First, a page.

The impact of the shutdown that began at midnight Friday has been largely limited so far, closing sites like New York's Statue of Liberty, but the effect will be acute if the stalemate runs into Monday.
Republicans and Democrats have traded bitter recriminations over who is to blame for the failure to pass a stop-gap funding measure by a January 20 deadline, a year to the day since Donald Trump took office as US president.
Highlighting the deep political polarization, crowds estimated to number in the hundreds of thousands took to the streets of major US cities Saturday to march against the president and his policies.
Top Senate Republican Mitch McConnell on Saturday set a key vote for a funding measure for 1:00 am (0600 GMT) Monday, with both houses of Congress set to reconvene Sunday.
"I assure you we will have the vote at 1:00 am on Monday, unless there is a desire to have it sooner," he said in a statement.
At the heart of the dispute is the thorny issue of undocumented immigration.
Democrats have accused Republicans of poisoning chances of a deal and pandering to Trump's populist base by refusing to fund a program that protects 700,000 "Dreamers" -- undocumented immigrants who arrived as children -- from deportation.
Trump, in return, has said Democrats are "far more concerned with Illegal Immigrants than they are with our great Military or Safety at our dangerous Southern Border."
The shutdown's effects meanwhile are set to intensify.
Essential federal services and military activity are continuing, but even active duty troops will not be paid until a deal is reached to reopen the US government.
There have been four government shutdowns since 1990. In the last one in 2013, more than 800,000 government workers were put on temporary leave.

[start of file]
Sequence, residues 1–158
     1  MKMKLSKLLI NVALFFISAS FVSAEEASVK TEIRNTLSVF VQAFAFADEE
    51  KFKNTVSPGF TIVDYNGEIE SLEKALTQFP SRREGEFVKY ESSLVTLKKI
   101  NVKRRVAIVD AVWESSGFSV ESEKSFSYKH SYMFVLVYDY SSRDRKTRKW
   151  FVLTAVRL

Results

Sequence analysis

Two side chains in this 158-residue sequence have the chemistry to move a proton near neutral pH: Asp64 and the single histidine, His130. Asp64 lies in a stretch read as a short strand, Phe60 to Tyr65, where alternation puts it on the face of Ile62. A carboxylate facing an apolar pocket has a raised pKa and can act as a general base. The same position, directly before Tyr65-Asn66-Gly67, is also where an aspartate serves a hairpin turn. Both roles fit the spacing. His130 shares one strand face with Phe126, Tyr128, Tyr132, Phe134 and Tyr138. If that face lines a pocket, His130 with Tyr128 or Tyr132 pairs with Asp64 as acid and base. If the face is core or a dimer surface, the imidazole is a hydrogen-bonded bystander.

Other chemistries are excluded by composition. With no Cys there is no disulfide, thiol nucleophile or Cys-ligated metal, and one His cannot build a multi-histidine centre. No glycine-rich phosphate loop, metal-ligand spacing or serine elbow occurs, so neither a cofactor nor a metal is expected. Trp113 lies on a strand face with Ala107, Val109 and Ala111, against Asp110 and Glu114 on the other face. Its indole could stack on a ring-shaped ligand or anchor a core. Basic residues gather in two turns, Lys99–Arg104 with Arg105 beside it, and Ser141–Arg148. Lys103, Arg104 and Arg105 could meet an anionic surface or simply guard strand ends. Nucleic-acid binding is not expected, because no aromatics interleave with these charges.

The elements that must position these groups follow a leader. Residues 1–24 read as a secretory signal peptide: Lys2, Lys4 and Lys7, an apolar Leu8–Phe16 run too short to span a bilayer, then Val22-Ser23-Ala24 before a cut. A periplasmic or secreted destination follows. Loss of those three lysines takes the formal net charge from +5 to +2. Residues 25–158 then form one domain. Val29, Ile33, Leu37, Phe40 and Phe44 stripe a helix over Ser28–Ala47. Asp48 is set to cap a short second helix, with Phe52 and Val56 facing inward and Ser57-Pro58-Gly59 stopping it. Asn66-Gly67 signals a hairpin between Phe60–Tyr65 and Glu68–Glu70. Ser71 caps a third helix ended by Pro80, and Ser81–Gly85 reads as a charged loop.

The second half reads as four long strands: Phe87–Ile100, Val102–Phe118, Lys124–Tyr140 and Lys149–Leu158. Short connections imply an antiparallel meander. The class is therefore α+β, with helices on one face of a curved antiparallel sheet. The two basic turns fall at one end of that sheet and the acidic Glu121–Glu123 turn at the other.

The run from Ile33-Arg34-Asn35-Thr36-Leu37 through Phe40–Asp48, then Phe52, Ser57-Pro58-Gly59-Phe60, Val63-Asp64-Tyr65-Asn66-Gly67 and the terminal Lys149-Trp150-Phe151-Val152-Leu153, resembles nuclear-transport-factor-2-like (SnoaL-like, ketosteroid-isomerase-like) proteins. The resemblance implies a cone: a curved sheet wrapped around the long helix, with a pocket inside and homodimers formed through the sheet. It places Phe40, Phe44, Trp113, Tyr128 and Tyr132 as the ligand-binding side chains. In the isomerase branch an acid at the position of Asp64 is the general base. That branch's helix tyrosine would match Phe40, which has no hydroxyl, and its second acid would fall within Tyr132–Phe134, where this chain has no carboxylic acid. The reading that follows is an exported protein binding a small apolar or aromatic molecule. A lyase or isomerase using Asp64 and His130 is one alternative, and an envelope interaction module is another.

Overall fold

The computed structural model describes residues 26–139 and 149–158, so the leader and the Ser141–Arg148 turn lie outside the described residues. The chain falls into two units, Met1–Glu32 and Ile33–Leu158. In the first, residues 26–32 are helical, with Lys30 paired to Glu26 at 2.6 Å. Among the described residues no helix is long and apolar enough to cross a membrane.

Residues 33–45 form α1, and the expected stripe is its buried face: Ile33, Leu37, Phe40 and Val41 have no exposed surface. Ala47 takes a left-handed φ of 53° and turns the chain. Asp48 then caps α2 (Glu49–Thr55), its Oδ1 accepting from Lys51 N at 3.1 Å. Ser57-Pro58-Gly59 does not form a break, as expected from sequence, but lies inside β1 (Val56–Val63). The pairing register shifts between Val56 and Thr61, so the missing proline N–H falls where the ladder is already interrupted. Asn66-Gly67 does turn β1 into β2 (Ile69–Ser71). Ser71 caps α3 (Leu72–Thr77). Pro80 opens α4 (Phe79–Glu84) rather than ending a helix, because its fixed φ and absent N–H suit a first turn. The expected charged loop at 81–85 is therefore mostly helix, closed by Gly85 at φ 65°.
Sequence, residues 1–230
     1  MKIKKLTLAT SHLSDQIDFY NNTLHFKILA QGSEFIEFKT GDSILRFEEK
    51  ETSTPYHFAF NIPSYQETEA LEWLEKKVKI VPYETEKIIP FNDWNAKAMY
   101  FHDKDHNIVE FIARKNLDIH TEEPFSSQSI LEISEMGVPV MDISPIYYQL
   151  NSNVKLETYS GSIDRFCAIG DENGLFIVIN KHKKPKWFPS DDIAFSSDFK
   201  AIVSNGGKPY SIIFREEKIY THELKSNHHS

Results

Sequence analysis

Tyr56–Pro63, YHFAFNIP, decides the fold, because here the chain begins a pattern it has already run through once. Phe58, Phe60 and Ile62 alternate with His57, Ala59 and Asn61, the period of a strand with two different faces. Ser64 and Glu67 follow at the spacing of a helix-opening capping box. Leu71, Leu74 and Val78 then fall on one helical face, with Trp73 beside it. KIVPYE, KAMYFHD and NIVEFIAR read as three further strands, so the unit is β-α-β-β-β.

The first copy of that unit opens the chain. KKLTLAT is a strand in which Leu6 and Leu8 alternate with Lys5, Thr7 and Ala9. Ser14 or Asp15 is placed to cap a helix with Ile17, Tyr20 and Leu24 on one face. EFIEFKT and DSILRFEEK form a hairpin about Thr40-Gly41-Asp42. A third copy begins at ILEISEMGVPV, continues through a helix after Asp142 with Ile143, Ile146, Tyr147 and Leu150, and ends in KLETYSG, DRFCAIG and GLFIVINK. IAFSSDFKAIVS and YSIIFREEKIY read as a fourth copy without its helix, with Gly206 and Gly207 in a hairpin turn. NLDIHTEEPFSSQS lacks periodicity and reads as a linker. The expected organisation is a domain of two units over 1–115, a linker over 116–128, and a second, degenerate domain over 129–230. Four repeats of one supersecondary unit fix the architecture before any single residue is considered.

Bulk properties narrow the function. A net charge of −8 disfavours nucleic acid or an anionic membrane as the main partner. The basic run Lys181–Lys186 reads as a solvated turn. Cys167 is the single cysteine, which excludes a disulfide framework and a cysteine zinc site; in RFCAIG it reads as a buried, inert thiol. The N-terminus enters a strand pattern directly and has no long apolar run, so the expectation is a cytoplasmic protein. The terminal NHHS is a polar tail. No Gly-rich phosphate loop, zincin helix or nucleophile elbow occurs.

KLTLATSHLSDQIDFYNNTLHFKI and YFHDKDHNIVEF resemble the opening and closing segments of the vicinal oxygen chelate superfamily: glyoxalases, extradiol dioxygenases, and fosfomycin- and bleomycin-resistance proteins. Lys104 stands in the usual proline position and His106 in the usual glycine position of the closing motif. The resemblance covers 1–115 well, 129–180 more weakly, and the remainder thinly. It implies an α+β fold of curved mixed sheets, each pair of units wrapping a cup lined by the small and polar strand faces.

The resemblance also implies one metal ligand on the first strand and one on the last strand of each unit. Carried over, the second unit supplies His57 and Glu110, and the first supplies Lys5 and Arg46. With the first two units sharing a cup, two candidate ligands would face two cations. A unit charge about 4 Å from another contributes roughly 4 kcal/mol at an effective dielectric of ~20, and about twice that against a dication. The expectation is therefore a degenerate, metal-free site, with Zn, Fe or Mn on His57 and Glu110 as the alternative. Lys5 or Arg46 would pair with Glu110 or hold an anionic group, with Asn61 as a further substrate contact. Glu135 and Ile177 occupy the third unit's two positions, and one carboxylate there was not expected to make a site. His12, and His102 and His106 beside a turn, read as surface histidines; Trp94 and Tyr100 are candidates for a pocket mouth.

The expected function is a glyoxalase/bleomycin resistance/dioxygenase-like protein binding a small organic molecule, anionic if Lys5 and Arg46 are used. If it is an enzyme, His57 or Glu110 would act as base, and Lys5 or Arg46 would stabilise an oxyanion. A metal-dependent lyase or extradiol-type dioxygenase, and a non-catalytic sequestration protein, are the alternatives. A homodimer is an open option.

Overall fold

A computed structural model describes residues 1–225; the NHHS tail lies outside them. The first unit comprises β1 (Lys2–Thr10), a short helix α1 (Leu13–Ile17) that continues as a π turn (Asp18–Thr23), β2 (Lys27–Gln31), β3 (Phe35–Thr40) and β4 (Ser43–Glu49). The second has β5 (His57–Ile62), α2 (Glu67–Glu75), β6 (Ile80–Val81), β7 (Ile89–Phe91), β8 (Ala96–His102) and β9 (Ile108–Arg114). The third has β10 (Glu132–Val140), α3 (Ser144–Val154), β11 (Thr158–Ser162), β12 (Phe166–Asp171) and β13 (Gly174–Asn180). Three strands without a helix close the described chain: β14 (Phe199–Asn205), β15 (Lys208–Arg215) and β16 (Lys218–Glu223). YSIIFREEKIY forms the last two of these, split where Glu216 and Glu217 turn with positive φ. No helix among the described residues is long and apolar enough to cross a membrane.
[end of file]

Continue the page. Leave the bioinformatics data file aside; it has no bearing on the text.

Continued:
"We're just in a holding pattern. We just have to wait and see. It's scary," Noelle Joll, a 50-year-old furloughed US government employee, told AFP in Washington.
A deal had appeared likely on Friday afternoon, when Trump -- who has touted himself as a master negotiator -- seemed to be close to an agreement with Democratic Senate minority leader Chuck Schumer on protecting Dreamers.
Congress reconvened for a rare Saturday session, where leaders of both sides were meant to hammer out their differences to prevent the shutdown from stretching into Monday. Instead, they traded accusations of responsibility for the shutdown.
Schumer said trying to negotiate with Trump "was like negotiating with Jell-O."
"It's impossible to negotiate with a constantly moving target," he said. "President Trump is so mercurial it's been impossible to get him to agree to anything."
Meanwhile, McConnell said Schumer "took the extraordinary step" of preventing the legislation from passing and thus "plunging the country into this totally avoidable mess."
Republicans have a tenuous one-seat majority in the Senate, and on Friday needed to lure some Democrats to their side to get a 60 vote supermajority to bring the motion forward. They fell ten votes short.
The measure brought to Congress would have extended federal funding until February 16 and reauthorized for six years a health insurance program for poor children -- a long-time Democratic objective.
But it left out any action on the Deferred Action on Childhood Arrivals program, known as DACA, that affects Dreamers.
White House officials insisted there was no urgency to fix DACA, which expires March 5.
As US lawmakers wrangled over government funding, protesters turned out in cities including Los Angeles, New York and Washington to express their opposition to Trump, and their support for women's rights.
Protestors hoisted placards with messages including "Fight like a girl" and "A woman's place is in the White House" and "Elect a clown, expect a circus."
(This story has not been edited by NDTV staff and is auto-generated from a syndicated feed.)